The PI in Piedmont Pines

Graham Gage lives with his wife in Piedmont Pines, but the nature of his work doesn’t allow him to spend as much time at home as he’d like. Running down arms traffickers isn’t the sort of trade one can ply solely in Oakland. When he’s not in on the trail of a criminal mastermind in a place like Kiev or Geneva, Gage can be found walking in Redwood Park or enjoying a bowl of pho at his favorite Vietnamese restaurant in Little Saigon. In October he’ll prevent a global financial cataclysm and save the United States from falling into the hands of religious extremists.

Steven Gore (Courtesy of stevengore.com)

Graham Gage is the literary invention of Steven Gore, a very real resident of Piedmont Pines who also walks in the Redwoods, likes the pho at Pho Oakland Number One on E. 12th Street, and who worked as a private investigator for 25 years before he sold his first thriller to HarperCollins. That book, Final Target, was Graham Gage’s debut to the thriller-reading public. The next Gage installment, Absolute Risk, comes out at the end of October.

While his private investigator’s office is in San Francisco (Gore’s was on Grand Avenue), Gage is not an heir to Sam Spade. He’s not a womanizer, he doesn’t drink, he’s not particularly brooding or troubled in a noir-ish way. Like his creator, Gage went to grad school at UC Berkeley before becoming a private investigator. Gage was a philosophy student. Gore was in the political science department before he quit. He decided that “the world didn’t need another book about Thomas Hobbes.” The world got another PI instead. He started out investigating for the Alameda County Public Defender. Eventually he opened up his own shop.

Gore didn’t spend much time trailing unfaithful spouses. He worked on several large international cases, untangling the finances of crooked Ukrainian politicians, for example. He tracked a shipment of heroin found in a Fremont warehouse back to its source in the Golden Triangle. Sometimes he worked for the defense, and sometimes he worked for the prosecution. He always saw his job as the clean, unimpeachable business of providing accurate information. “Ninety percent of investigation is getting people to tell you things,” he said.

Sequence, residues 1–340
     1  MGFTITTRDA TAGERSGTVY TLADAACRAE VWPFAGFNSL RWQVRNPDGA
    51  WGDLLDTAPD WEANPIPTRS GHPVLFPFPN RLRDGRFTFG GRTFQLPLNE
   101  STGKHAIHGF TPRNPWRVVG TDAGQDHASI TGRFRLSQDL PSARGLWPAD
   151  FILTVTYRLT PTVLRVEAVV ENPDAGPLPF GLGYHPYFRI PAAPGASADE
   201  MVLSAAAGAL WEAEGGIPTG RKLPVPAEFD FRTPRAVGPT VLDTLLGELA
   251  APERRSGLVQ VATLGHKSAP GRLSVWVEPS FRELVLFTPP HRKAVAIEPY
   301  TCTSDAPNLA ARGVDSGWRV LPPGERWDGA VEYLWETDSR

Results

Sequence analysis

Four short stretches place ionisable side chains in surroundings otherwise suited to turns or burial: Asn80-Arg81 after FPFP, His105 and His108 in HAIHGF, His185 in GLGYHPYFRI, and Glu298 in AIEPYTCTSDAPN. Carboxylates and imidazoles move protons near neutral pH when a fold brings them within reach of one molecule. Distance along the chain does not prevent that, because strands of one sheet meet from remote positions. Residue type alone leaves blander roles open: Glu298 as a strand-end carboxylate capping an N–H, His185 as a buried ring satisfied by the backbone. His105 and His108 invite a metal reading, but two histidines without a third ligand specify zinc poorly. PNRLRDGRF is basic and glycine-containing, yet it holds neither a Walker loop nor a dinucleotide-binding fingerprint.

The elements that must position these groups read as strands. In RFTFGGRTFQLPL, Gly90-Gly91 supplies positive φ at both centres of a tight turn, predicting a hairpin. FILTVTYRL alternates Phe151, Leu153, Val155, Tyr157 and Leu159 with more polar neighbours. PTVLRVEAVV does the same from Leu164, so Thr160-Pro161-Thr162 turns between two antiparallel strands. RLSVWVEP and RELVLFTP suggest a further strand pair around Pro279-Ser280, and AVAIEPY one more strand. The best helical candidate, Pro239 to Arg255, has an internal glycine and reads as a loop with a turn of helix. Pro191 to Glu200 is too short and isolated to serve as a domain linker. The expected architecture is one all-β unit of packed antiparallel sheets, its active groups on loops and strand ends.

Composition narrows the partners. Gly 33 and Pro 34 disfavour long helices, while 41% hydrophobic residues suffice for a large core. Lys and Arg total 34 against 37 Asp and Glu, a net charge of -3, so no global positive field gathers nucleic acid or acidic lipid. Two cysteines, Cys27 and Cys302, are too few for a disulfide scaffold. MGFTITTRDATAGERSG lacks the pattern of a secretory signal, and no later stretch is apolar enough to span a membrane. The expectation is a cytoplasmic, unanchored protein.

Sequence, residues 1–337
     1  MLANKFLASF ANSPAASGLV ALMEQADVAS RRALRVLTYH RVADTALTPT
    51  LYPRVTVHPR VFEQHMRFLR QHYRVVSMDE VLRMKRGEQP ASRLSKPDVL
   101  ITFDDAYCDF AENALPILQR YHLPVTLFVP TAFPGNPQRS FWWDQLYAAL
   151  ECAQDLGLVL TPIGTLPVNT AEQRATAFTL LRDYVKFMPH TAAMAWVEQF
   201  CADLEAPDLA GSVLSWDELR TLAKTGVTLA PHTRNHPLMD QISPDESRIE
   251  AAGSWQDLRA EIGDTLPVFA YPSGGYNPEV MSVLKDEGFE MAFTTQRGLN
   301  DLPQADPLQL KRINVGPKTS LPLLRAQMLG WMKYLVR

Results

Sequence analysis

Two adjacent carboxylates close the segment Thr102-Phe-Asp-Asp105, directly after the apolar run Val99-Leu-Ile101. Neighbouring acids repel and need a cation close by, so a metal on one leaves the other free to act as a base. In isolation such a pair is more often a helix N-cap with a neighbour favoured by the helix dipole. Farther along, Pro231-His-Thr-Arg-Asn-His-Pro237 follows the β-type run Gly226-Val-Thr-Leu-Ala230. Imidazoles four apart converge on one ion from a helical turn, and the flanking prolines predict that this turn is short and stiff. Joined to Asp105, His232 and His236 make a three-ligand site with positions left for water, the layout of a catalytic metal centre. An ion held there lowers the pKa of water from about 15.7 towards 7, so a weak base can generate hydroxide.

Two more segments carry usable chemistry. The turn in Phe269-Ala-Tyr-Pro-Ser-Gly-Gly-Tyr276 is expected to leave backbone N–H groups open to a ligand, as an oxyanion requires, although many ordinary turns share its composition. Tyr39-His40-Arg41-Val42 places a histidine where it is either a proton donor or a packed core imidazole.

When Gore decided to stop working full-time as a PI and write, he first tried to write non-fiction accounts of some of the things he saw and heard over the years. He found that fiction came easier. The speed and ease with which he found a major publisher would make anyone with an unpublished manuscript on the hard drive gnash their teeth in envy. In addition to the Gage franchise, Gore sold a series featuring a retired San Francisco cop who lives in Shasta in the lead role.

Gore lives with his wife Liz, who was his PI partner for many years, and who continues to work as an investigator. Gage’s wife is an anthro professor at UC Berkeley. Just as Gore shunned the trappings of the traditional private eye for his character, he said he always recoiled when he saw someone in the profession revel in the mystique of the PI. With a short beard and a baseball cap, Gore looks like the poli sci professor he might have been.

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Rara Avis in Claremont Canyon

We’re going to stick with the wildlife a little bit longer.

Indigo Bunting (Photo by Pat Bachetti)Kay Loughman runs a beautiful and fascinating website called Wild Life in the North Hills. It’s all about the flora and fauna in Claremont Canyon. She has pictures of everything from a grey fox lounging on a patio chair to a banana slug slithering across a stone. She’s a keen naturalist and a skilled photographer. The only thing more remarkable than all of the natural beauty at our doorstep is how easy it is to forget it’s there during the course of a busy week. Loughman’s website is a good reminder.

We asked Loughman for the news this summer from the world of Oakland’s birds, bugs, and other critters. She said that the big story so far was the indigo bunting sharp-eyed birdwatchers spied in Claremont Canyon back in June. Common back east, the indigo bunting is very rare this far west. Phila Rogers wrote about it on her blog at the Lawrence Hall of Science.

Montclair’s Storyteller

He was exactly what NPR needed. Three years ago, Montclair’s own Glynn Washington entered an NPR contest looking for a new host. He won.

Now Washington presides over a burgeoning multi-media empire in downtown Oakland, of which the flagship is Snap Judgment – the freshest show going on NPR. OakBook interviewed Glynn way back when he was still just a contender. This week, the Trib and the Chron both did great profiles of Montclair’s newest radio star.

Snap Judgment is on at 11 pm Saturdays on KQED 88.5 FM and at 11pm Tuesdays and 1pm Wednesdays on KALW 91.7 FM. Listen anytime at www.snapjudgment.org. Submit your own snap judgment stories on the website, or call the “Snap Judgment” hot line at 888-304-7627.